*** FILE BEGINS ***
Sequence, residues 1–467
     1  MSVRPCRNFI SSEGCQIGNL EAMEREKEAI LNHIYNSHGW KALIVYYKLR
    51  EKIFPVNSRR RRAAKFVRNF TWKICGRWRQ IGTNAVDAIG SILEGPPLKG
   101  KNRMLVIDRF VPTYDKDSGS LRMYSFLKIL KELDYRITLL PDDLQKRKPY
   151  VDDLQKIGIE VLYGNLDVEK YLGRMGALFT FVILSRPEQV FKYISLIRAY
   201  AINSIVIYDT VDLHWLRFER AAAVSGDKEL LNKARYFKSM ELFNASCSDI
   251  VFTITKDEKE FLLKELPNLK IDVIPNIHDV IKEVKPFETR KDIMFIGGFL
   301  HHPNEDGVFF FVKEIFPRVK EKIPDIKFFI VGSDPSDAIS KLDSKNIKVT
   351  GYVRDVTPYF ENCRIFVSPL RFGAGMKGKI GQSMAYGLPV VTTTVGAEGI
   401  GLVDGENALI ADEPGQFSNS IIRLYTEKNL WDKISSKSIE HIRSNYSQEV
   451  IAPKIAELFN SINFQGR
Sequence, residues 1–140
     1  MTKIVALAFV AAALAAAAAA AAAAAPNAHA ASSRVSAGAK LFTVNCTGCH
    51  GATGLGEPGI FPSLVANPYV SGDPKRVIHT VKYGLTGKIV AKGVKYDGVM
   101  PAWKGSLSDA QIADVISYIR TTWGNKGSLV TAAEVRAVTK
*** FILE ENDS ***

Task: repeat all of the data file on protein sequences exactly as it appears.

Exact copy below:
Sequence, residues 1–467
     1  MSVRPCRNFI SSEGCQIGNL EAMEREKEAI LNHIYNSHGW KALIVYYKLR
    51  EKIFPVNSRR RRAAKFVRNF TWKICGRWRQ IGTNAVDAIG SILEGPPLKG
   101  KNRMLVIDRF VPTYDKDSGS LRMYSFLKIL KELDYRITLL PDDLQKRKPY
   151  VDDLQKIGIE VLYGNLDVEK YLGRMGALFT FVILSRPEQV FKYISLIRAY
   201  AINSIVIYDT VDLHWLRFER AAAVSGDKEL LNKARYFKSM ELFNASCSDI
   251  VFTITKDEKE FLLKELPNLK IDVIPNIHDV IKEVKPFETR KDIMFIGGFL
   301  HHPNEDGVFF FVKEIFPRVK EKIPDIKFFI VGSDPSDAIS KLDSKNIKVT
   351  GYVRDVTPYF ENCRIFVSPL RFGAGMKGKI GQSMAYGLPV VTTTVGAEGI
   401  GLVDGENALI ADEPGQFSNS IIRLYTEKNL WDKISSKSIE HIRSNYSQEV
   451  IAPKIAELFN SINFQGR
Sequence, residues 1–140
     1  MTKIVALAFV AAALAAAAAA AAAAAPNAHA ASSRVSAGAK LFTVNCTGCH
    51  GATGLGEPGI FPSLVANPYV SGDPKRVIHT VKYGLTGKIV AKGVKYDGVM
   101  PAWKGSLSDA QIADVISYIR TTWGNKGSLV TAAEVRAVTK